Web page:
Comfort is relative, but I think most people around here would agree with me that there was little comfortable about Carter Notch Hut that afternoon. There was no heating, no showers, no warm bedding or La-Z-Boy chairs. AMC huts don’t do that kind of thing. And because I had arrived after the end of full-service season, no meals would be cooked for me either. But as the wind thumped against the walls of the notch and a cold rain turned the ground to creeks, I was immeasurably grateful for my hard seat in the chilly hut, a bunk to put my sleeping bag on, and the use of a huge cooking range. And for someone who wasn’t lonesome, I lapped up the company too. It consisted of Casey – the young caretaker – and the guy who hiked 3.6 miles to service the range flue. He was in no rush to go back outside, so the three of us enjoyed an afternoon of on-and-off chat of a very pleasant weightlessness.

I studied my map at the hut table. The Wilderness was a fingerprint-shaped green area six miles across. It was bounded west and east by the Carter-Moriah and Baldface ranges respectively. I had crossed the Baldface Range to reach Perkins Notch. Tomorrow I planned to climb over Carter Dome (4,832 feet) and re-cross the Wilderness. But I could see the weather outside, and Casey had the forecast. A cold front would blow through in the morning just when I needed to be on Carter Dome. It would bring thunder, and maybe even snow. I also knew now just how poor the wilderness trails could be, and they’d be much worse after the rain. I decided to skip the Carter-Moriah Range and return the way I had come – via the devil I knew.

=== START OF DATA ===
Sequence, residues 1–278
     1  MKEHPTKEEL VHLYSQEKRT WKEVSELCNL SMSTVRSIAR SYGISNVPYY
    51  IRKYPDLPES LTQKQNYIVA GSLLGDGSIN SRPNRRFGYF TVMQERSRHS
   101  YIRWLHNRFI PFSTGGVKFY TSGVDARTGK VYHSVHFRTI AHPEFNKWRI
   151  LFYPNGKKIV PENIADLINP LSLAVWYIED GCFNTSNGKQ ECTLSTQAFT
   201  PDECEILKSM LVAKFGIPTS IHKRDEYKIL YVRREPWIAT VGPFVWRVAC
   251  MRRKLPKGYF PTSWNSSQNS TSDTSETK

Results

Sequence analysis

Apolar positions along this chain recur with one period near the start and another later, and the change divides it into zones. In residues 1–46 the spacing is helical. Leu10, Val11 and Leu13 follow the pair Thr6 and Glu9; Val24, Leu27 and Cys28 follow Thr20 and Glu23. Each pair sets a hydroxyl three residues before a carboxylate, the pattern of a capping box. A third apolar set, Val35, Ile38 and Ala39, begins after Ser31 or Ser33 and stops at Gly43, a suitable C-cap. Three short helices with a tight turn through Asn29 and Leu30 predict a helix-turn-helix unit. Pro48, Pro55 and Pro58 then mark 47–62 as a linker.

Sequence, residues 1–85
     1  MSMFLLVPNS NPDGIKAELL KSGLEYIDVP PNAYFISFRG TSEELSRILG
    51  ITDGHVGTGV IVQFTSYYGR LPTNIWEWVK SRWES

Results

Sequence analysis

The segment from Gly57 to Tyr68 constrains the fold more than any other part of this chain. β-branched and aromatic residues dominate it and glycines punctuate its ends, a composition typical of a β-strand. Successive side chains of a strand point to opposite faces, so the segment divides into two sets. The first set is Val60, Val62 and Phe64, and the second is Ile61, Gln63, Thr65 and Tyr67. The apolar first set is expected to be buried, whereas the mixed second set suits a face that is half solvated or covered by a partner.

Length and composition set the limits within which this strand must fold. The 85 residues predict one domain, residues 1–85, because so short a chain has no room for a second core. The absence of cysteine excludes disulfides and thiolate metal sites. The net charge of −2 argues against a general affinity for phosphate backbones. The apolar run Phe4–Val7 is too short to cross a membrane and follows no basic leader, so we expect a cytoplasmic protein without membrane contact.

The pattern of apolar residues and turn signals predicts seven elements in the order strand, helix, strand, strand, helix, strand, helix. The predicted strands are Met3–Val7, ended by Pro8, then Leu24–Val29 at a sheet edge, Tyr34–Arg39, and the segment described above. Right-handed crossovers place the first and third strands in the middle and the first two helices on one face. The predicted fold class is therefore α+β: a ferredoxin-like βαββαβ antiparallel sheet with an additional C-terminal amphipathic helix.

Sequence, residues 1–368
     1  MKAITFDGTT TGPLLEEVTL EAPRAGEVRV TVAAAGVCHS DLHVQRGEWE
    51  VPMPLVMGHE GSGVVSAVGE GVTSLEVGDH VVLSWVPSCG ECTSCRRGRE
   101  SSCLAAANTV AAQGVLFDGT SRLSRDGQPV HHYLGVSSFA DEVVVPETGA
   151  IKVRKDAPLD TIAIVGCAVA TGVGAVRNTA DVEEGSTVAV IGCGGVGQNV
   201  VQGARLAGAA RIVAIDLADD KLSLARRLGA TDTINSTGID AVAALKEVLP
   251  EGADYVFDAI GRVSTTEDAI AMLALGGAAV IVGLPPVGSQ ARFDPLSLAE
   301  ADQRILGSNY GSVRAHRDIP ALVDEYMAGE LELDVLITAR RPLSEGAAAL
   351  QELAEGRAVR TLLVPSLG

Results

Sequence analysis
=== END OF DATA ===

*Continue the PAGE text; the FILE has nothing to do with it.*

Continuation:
North Baldface Mountain, 3,610 feet

North Baldface Mountain, 3,610 feet

I set out the next morning in heavy rain. Brooks I had stepped over on stones yesterday had to be waded today. On the trails, I sank even deeper in mud. But the day cleared, and by the time I made camp beneath North Baldface mountain, all the summits surrounding the Wilderness were visible. I went up to the ridge for sunset, which was followed by the moon rising the color of a newly minted penny. In the morning I came back to see the sun peek into the sky above Maine, and eventually soar to fill the Wild River valley with sharp, fall light. (A picture is worth a thousand inadequate words, and you will find 70 pictures from this hike on Facebook – “McWilliams Takes a Hike”, “Wild River Wilderness, October 2014” album, no login needed.) 

Rob McWilliams is a local resident. Taking a Hike appears monthly. Contact Rob at “McWilliams Takes a Hike”, blog and Facebook. He’d love to hear from you.

 

Wild River Wilderness
LOCATION Approx. 10 mi due east of Mt Washington, New Hampshire, between NH 16 and the Maine line.
SIZE 24,030 acres / 37.5 sq. mi (by way of comparison, Manhattan covers 23 square miles).
MAP AND GUIDE Appalachian Mountain Club White Mountain Guide and associated map (5, Carter Range-Evans Notch).
ACCESS Except for a gravel road to Wild River Campground at its NE edge, the Wilderness can only be reached by trails through the White Mountain National Forest.
BALDFACE CIRCLE TRAIL I reached and left the Wild River Wilderness via the 9.8-mile Baldface Circle Trail. According to the AMC guide, the loop is strenuous but “one of the most attractive trips in the White Mountains”. It starts on NH 113 at North Chatham. Allow a full day.